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The Chernobyl Herbarium: Fragments of an Exploded Consciousness
We entrust readers with thirty fragments of reflections, meditations, recollections, and images--one for each year that has passed since the explosion that rocked and destroyed a part of the Chernobyl nuclear power station in April 1986. The aesthetic visions, thoughts, and experiences that have made their way into this book hover in a grey region between the singular and ...more
PDF, 78 pages
Published 2016 by Open Humanities Press
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A fascinating little book ruminating on the effects of Chernobyl on the natural environment. The images/photography are particularly resonant, as well as Fragments 6 (“One is ineluctably passive in the face of radioactivity”), 9 (“Besides the plants that have grown in radioactive soil, the shards of our own exploded consciousness are reassembled in it, albeit not glued together—neither mended nor healed”), 11 (“voices and words (whispered or screamed out)”), 13 (“’It strokes the surfaces of thin ...more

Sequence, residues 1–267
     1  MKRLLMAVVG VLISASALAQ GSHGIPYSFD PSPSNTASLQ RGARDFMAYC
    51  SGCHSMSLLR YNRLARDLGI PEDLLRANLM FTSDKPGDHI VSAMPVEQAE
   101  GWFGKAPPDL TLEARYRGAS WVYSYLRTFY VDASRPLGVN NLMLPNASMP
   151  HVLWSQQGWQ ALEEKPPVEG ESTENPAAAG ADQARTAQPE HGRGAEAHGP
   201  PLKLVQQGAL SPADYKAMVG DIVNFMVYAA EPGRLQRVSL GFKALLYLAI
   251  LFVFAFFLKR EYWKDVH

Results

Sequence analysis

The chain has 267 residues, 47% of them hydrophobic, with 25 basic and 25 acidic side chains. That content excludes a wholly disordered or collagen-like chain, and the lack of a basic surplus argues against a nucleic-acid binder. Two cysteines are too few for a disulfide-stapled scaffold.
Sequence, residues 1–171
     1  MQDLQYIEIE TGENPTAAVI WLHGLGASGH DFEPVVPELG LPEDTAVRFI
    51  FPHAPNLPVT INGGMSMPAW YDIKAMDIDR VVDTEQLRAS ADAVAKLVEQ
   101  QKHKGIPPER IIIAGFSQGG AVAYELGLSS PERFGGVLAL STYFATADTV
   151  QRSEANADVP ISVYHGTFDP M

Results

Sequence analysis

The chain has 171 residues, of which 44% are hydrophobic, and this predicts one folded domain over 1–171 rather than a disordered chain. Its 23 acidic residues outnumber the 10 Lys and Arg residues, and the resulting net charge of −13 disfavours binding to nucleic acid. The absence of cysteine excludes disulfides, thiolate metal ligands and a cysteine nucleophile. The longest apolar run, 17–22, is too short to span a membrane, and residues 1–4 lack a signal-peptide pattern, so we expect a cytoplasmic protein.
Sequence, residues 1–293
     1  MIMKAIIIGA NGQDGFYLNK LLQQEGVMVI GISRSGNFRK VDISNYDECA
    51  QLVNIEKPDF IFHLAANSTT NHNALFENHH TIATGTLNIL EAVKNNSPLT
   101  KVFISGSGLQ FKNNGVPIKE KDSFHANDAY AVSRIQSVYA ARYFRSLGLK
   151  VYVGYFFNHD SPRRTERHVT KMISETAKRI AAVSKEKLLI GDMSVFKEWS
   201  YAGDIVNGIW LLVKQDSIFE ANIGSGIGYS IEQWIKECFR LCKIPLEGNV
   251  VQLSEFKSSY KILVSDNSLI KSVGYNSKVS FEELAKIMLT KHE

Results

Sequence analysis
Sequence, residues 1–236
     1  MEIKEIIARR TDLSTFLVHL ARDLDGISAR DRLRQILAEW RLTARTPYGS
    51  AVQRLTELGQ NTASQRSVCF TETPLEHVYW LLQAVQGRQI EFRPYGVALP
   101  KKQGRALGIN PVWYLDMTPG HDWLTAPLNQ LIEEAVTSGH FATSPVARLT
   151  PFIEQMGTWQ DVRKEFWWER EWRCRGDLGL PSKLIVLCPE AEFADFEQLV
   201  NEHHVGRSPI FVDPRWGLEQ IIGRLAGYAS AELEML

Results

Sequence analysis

Brilliantly constructed considerations through art and philosophy on the meaning of Chernobyl (as a place, as a disaster) with a perfectly weighted balance between theory and personal experience. The featured artworks (scans of plant-life from Chernobyl) are haunting and abrupt as bridges between each of the 'fragments' (or chapters).
Michael Marder is IKERBASQUE Research Professor of Philosophy at the University of the Basque Country (UPV-EHU), Vitoria-Gasteiz, Spain. An author of seven books and over 100 articles, he is a specialist in phenomenology, political thought, and environmental philosophy.